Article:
I recently posted the following comments to the LinkedIn Security Architecture forum discussing the effectiveness of Security Architecture today:



I agree with the comments which have been posted so far. As pointed out, a security architecture involves quite a number of factors - security infrastructure, policy and procedure, etc. Let me make some comments around the topic of the network security architecture.


Network security architecture discussions became a significant discussion point back in the mid to later part of the nineties when Internet connectivity was becoming the norm. Firewalls were being introduced and early network security architectures focused on the Internet perimeter. Concepts such as compartmentalisation using DMZs and visibility using tools like Cisco's Netflow were introduced. These concepts were as valid then as they are today. 


The landscape has changed and security architectures need to consider this changed landscape.


Probably the number one new consideration is that whole scene is way more complex than it was 15-20 years ago. Security managers and architects first and foremost need to understand this and ensure that adequate tools and process exist for dealing with a far more complex environment.


Application architectures are larger, more complex and more mission critical. Many of these environments have grown in an ad hock manner and are far from being optimal security architectures. They are not easy to change.


There are a lot more applications on the network today, some of these are legitimate, and some simply have no place in a business environment. Users are wishing to choose and use their own apps.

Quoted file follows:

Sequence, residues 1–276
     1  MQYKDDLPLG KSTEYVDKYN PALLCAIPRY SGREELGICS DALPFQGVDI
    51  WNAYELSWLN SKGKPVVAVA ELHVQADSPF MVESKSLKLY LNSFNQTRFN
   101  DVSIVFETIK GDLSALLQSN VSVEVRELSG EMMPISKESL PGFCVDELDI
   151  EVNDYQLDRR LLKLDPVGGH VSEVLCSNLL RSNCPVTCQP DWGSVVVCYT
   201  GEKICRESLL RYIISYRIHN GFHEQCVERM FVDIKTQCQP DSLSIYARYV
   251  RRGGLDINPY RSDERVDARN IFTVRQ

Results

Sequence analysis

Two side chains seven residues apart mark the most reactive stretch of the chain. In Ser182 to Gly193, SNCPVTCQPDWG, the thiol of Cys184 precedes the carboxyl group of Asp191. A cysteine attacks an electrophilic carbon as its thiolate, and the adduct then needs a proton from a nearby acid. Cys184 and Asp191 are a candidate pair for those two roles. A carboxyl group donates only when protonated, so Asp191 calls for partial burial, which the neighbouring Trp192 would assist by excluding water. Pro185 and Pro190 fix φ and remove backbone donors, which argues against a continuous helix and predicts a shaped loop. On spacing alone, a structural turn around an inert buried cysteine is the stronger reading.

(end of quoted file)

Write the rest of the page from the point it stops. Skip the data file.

The use of SSL and TLS is widespread making it impossible to see traffic in these tunnels without decryption technology.


Mobile and personal devices are often accessing critical business system from just about anywhere.


Cloud technology is being introduced and utilised by many organisations due to the attractive cost benefits.


Attack trends have changed. Client side attacks now account for the majority of successful intrusions.


Malware sophistication has increased. But more importantly the sheer scale of the nation state sponsored espionage has significantly increased the risk for just about every organisation with business critical data.


This is certainly not an exhaustive list. My point is that it is critical for architects to have a firm grasp of the basics as well as these factors to create effective security architectures. A good network security architecture is not a silver bullet which will save you from all attacks, but it is a critical foundation on which everything else should be based. Experience has shown me that organisations who do have sound architectures in place, have been in a FAR more robust position when the bad stuff happens.